|55||Y. Roizin, et al. "Novel Techniques for data retention and Leff measurements in two bit MicroFlash(R) Memory Cells," Characterization and Metrology for ULSI Technology: 200 International Conf., pp. 181-185, Copyright 2001 American Institute of Physics, 1-56396-967-X/01.|
|56||Y. Roizin, et al., "Activation Energy of Traps in the ONO Stack of microFLASH(R) Memory Cells," Tower Semiconductor, Ltd., Date Unknown.|
|57||Y. Roizin, et al., "'Dummy' Gox for Optimization of microFLASH(R) Technology," Tower Semiconductor, Ltd., Date Unknown.|
|58||Y. Roizin, et al., "In-Process Charging in microFLASH(R) Memory Cells," Tower Semiconductor, Ltd., Date Unknown.|
|59||Y. Roizin, et al., "Retention Characteristics of microFLASH(R) Memory (Activation Energy of Traps in the ONO Stack)," Tower Semiconductor, Ltd., Date Unknown.|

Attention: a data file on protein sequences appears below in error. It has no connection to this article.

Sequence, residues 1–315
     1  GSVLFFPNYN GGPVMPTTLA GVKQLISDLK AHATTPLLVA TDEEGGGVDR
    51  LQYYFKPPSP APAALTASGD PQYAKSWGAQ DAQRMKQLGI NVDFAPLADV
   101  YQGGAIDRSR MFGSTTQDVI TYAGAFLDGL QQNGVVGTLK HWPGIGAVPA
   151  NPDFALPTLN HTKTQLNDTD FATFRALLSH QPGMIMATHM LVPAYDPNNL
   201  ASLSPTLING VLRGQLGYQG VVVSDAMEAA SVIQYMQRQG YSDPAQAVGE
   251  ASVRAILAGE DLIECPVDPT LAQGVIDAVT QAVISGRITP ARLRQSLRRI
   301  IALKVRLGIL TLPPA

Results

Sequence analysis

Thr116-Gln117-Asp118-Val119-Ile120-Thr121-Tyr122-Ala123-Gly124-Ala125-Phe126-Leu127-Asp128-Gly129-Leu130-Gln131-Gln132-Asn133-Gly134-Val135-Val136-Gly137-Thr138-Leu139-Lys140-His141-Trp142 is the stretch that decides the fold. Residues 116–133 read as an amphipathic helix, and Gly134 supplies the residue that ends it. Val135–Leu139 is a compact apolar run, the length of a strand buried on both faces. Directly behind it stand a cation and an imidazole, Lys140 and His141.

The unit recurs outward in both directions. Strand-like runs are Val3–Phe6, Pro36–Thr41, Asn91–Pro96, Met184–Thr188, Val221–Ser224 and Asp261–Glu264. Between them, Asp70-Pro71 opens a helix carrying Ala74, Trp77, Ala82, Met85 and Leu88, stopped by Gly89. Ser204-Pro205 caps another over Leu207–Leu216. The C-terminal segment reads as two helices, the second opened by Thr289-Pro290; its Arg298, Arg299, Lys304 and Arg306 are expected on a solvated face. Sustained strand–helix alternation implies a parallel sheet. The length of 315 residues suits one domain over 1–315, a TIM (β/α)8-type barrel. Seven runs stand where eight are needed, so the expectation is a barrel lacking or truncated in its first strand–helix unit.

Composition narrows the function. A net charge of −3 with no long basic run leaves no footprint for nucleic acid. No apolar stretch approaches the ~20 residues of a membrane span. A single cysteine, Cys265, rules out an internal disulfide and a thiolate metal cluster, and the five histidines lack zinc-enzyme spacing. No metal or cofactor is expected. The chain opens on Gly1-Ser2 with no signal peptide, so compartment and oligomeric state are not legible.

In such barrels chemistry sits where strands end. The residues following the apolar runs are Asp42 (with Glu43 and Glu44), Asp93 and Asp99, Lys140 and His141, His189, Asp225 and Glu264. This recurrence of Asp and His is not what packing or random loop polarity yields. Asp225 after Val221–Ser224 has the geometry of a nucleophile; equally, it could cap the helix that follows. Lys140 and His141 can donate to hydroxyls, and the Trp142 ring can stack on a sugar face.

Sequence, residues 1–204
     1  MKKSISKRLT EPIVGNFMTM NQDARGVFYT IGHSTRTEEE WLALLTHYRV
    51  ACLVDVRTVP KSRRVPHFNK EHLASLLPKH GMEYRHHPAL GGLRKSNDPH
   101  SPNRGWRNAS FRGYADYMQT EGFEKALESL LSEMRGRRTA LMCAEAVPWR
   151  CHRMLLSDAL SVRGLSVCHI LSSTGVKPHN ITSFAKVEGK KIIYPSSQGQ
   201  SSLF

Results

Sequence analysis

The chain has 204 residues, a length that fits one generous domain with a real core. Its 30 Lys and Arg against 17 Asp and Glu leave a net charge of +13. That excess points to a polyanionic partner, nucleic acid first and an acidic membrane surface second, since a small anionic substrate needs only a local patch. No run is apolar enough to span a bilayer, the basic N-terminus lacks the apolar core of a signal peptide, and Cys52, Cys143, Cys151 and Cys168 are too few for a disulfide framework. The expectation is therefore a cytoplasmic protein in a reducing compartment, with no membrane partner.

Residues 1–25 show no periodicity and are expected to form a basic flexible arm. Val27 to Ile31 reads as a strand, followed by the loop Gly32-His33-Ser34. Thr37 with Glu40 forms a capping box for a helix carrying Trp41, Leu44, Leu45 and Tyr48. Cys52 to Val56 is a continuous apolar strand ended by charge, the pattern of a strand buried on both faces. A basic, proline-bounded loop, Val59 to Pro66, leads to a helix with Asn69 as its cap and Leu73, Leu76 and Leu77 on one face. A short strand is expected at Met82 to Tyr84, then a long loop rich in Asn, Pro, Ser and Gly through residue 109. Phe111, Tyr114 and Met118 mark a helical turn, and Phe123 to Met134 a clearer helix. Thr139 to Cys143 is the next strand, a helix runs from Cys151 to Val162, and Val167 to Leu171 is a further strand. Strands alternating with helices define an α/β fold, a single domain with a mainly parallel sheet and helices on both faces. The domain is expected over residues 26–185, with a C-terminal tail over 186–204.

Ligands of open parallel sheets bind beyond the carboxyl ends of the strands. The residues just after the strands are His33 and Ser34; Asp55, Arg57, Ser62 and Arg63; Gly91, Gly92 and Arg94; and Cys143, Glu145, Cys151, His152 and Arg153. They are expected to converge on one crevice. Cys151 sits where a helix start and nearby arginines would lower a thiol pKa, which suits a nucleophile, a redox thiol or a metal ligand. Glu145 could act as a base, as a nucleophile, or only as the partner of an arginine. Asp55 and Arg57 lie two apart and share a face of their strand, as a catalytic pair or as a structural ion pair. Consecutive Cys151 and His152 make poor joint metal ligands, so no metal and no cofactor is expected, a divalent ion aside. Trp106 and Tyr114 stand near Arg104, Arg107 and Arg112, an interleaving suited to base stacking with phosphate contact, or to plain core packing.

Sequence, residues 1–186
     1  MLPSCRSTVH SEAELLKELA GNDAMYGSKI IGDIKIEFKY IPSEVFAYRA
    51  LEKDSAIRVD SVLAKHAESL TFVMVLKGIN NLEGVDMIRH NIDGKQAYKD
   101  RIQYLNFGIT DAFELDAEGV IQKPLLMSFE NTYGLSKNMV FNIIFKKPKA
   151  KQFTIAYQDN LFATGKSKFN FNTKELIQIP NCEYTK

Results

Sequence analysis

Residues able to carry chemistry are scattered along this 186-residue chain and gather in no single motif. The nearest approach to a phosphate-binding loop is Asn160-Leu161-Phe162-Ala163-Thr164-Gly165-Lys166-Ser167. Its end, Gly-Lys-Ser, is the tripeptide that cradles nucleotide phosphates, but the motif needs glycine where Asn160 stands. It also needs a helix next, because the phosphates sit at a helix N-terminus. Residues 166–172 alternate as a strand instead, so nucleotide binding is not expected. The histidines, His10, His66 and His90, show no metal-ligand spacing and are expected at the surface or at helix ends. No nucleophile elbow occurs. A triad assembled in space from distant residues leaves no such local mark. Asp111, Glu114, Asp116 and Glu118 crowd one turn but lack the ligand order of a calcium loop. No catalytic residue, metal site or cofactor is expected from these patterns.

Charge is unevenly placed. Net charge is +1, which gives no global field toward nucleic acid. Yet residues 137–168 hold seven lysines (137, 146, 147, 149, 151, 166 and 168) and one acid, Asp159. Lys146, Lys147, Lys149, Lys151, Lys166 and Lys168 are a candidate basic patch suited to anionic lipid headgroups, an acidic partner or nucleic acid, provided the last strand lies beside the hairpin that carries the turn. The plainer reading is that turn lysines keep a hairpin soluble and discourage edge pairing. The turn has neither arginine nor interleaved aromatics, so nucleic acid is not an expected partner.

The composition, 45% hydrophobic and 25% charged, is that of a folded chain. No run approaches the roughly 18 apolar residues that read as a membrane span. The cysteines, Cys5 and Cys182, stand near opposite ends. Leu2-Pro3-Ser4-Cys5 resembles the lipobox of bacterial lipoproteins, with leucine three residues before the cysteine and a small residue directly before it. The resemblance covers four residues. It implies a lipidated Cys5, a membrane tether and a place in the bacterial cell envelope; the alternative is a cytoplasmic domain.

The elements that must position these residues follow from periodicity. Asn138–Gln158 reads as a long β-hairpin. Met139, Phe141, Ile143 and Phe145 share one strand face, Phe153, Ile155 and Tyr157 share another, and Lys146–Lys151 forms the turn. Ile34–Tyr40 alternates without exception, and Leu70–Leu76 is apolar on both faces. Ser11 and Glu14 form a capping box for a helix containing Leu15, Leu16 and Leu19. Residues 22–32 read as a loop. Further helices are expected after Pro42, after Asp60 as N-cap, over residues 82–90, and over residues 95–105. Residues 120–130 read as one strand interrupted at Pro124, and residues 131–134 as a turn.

|Patente citante||Fecha de presentación||Fecha de publicación||Solicitante||Título|
|US9099394||29 Oct 2013||4 Ago 2015||International Business Machines Corporation||Non-volatile memory structure employing high-k gate dielectric and metal gate|
|US9318336||15 Dic 2011||19 Abr 2016||Globalfoundries U.S. 2 Llc||Non-volatile memory structure employing high-k gate dielectric and metal gate|
|Clasificación de EE.UU.||257/315, 257/314, 365/185.33, 438/211, 257/E21.179, 365/185.01, 438/201|
|Clasificación internacional||H01L21/8247, H01L29/788, H01L27/148, H01L21/469, H01L27/115, H01L29/51|
|Clasificación cooperativa||H01L21/28273, H01L27/11521, H01L27/115, H01L29/51|
|Clasificación europea||H01L27/115, H01L27/115F4|
|27 Oct 2009||CC||Certificate of correction|
|6 Feb 2013||FPAY||Fee payment|
Year of fee payment: 4
|12 May 2016||AS||Assignment|
Owner name: U.S. BANK NATIONAL ASSOCIATION, AS COLLATERAL AGEN
Free format text: SECURITY INTEREST;ASSIGNOR:MICRON TECHNOLOGY, INC.;REEL/FRAME:038669/0001
Effective date: 20160426
|2 Jun 2016||AS||Assignment|
Owner name: MORGAN STANLEY SENIOR FUNDING, INC., AS COLLATERAL
Free format text: PATENT SECURITY AGREEMENT;ASSIGNOR:MICRON TECHNOLOGY, INC.;REEL/FRAME:038954/0001
Effective date: 20160426